Chapter

The Development (Developmental Space)

James Hepokoski and Warren Darcy

in Elements of Sonata Theory

Published in print August 2006 | ISBN: 9780195146400
Published online October 2011 | e-ISBN: 9780199850983 | DOI: http://dx.doi.org/10.1093/acprof:oso/9780195146400.003.0010
The Development (Developmental Space)

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In most characteristic procedures of sonata, many development sections present new material in individual sections and a few fill that zone almost entirely with contrasting material. Anton Reicha introduced the word development in 1814 and 1826 in his work; his meaning of the word was not what we might have initially supposed it to have been. He considered everything after the exposition des idees, including what we call the recapitulation, to have been their “development.” Reicha intermixed concepts taken from the classical rhetoric and French dramatic theory in such a way that development was analogous to the process of plot-unfolding and to the close discussion of the idea. When underscoring the idea that not all portions of developments are necessarily “developmental” of expositional ideas, we sometimes refer to the developmental space.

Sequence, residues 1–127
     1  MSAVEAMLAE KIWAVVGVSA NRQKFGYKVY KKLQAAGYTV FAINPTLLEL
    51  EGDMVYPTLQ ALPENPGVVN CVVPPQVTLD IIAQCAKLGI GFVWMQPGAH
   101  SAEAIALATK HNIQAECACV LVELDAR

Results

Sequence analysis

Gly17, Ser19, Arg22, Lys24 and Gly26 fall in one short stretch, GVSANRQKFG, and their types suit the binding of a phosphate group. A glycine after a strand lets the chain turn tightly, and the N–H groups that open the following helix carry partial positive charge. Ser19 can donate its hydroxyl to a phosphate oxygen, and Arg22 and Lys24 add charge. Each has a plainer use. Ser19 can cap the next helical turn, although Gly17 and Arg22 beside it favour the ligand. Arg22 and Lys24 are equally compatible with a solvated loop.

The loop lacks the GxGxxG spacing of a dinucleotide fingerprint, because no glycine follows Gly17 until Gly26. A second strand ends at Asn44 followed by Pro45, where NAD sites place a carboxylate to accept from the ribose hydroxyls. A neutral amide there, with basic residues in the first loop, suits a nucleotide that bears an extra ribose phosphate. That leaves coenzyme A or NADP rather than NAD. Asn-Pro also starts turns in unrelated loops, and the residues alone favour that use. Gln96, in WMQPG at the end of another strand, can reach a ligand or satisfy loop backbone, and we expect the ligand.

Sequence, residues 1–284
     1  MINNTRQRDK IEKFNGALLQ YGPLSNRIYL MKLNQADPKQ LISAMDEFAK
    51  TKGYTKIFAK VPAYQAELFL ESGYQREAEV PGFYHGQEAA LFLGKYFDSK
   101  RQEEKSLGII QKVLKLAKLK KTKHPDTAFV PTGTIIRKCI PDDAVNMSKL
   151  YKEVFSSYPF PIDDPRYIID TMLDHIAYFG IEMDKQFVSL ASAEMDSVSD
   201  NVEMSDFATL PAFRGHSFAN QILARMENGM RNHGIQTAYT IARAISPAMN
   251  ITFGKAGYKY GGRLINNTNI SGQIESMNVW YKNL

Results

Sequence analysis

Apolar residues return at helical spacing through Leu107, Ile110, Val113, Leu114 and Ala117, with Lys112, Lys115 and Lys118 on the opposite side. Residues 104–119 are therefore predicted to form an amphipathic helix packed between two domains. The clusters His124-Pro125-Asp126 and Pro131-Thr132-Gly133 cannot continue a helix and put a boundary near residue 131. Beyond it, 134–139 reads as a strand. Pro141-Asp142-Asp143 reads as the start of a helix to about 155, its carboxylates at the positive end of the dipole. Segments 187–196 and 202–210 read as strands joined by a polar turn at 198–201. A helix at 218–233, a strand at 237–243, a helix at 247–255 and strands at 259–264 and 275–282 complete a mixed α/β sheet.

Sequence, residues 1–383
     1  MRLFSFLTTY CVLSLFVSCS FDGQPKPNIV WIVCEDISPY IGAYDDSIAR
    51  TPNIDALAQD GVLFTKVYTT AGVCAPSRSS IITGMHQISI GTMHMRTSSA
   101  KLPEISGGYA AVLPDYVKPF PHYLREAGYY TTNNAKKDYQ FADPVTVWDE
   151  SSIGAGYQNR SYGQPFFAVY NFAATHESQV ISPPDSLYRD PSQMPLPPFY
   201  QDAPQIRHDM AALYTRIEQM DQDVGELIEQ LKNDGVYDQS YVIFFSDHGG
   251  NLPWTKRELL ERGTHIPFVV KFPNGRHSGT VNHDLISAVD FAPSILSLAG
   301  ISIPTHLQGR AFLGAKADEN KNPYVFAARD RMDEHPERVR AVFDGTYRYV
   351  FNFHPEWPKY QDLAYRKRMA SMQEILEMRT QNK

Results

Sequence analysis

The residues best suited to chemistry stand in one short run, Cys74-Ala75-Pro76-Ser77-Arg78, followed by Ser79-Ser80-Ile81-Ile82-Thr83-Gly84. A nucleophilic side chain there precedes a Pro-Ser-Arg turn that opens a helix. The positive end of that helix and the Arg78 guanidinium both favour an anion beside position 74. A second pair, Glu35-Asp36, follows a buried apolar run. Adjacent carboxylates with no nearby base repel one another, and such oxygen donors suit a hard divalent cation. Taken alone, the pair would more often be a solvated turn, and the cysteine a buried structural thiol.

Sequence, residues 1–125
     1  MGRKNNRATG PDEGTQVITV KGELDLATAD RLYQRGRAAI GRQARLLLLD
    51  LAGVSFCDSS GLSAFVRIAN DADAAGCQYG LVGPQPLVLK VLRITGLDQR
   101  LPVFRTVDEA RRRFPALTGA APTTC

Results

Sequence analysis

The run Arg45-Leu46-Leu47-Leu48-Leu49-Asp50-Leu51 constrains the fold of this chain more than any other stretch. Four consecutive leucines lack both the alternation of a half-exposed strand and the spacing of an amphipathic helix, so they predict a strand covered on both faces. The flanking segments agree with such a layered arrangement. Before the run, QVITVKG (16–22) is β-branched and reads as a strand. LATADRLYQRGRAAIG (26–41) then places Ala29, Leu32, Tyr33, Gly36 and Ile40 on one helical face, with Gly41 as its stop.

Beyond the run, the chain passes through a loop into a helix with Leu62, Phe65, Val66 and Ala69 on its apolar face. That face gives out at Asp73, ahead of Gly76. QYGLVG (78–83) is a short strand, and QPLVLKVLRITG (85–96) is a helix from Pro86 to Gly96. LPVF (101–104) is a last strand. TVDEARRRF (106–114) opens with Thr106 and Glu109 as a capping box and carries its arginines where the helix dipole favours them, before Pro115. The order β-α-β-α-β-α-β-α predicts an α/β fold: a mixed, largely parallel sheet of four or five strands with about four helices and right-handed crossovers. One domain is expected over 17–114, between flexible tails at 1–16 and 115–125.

Keywords: development; sonata; Anton Reicha; recapitulation; classical rhetoric; theory; individual sections

Chapter.  20398 words.  Illustrated.

Subjects: Music Theory and Analysis

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